Despite a procession of violent set-tos, OPERATION DELTA FORCE 2 emerges as a sluggish action pic with only the "special forces team" concept in common with its predecessor. Bone-crusher flicks like this one need a star figure in firm command, but top-billed Michael McGrady makes no more
of an impression than several of his supporting players.
The Kursk, a Russian nuclear submarine in the Bering Sea, is commandeered by master criminal Lukash (J. Kenneth Campbell) in league with Soviet traitors. At the same time, Lukash's partners hijack an ocean liner, planning to use the ship as a shield to prevent another Russian submarine (under
authorization of the U.N.) from bombing the Kursk. They are also after the ship's captain, retired Admiral Halsey Lang (Dale Dye), the world's leading expert on nuclear subs. Lukash demands $25 billion in exchange for not striking at America's West Coast and several Russian cities. The meet his
goal, Lukash has Admiral Lang transfered to the Kunsk and forces him to assume command of the sub.
To stop Lukash, The Pentagon assigns risk-taking Army Captain Skip Lang (Michael McGrady), the estranged son of of the kidnapped Admiral. Skip and his team of special forces soldiers are dropped onto the ship by helicopter; Skip leads the men in regaining control from Lukash's mercenaries. In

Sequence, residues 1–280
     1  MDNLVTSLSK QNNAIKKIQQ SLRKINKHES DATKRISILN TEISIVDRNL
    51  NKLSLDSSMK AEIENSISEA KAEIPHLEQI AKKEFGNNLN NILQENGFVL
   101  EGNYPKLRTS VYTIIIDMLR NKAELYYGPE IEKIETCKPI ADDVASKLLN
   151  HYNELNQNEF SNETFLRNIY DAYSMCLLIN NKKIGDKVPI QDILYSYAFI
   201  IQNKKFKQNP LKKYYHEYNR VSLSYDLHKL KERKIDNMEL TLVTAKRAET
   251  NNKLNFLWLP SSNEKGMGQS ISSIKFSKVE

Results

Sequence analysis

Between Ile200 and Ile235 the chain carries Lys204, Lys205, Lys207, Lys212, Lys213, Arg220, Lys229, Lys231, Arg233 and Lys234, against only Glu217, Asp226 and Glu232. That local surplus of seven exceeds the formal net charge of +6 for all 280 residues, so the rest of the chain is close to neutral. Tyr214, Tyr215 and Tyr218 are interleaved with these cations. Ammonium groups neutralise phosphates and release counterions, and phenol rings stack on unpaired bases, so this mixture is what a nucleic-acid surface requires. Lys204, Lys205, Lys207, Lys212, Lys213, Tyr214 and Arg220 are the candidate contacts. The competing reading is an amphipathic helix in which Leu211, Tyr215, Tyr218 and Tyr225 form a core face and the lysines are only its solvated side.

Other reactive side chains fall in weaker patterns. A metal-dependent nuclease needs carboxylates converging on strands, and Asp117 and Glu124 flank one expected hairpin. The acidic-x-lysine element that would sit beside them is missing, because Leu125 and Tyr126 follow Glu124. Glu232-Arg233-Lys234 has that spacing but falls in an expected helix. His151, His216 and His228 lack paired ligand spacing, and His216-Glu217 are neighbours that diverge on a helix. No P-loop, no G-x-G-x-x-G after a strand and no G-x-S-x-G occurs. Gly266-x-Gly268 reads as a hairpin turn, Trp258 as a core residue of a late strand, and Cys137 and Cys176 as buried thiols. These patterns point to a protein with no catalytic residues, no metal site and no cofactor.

return for Lukash's promise not to blow up the ocean liner, Admiral Lang agrees to pilot him and the Kursk to his destination, a Russian sub base.
Skip next attacks the sub base, and Lukash is wounded in the attack. He returns to the Kursk, where Admiral Lang prevents him from overriding the missiles' fail-safe system. While Skip grapples with Lukash and fatally stabs him, Admiral Lang sends out a Morse Code signal notifying the nearby
U.N.-authorized Russian sub that the defused situation no longer necessitates that the Kursk be destroyed. Skip reconciles with his father.
In its desire to lend vigor to a strictly S.O.S. storyline, OPERATION DELTA FORCE 2 multiplies its rescue attempts to diminishing returns. Moreover, the screenplay is loaded with happenstance (such as the fact that Admiral Lang's wife and daughter are sailing on his luxury vessel). Aside from
scripting detritus, this action-packed time-waster sprawls over so many international settings that viewers will be unsure of where they are at any given time. Although glint-eyed J. Kenneth Campbell enjoys quoting Poe while promising nuclear catastrophes, his co-stars appear to have matriculated
at the I'll-Just-Collect-My-Paycheck branch of the Actors' Studio. They lack the wherewithal to elevate this above the level of a standard adventure tale.(Graphic violence, extreme profanity.)
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- Released: 1998
- Rating: R
- Review: Despite a procession of violent set-tos, OPERATION DELTA FORCE 2 emerges as a sluggish action pic with only the "special forces team" concept in common with its predecessor. Bone-crusher flicks like this one need a star figure in firm command, but top-bill… (more)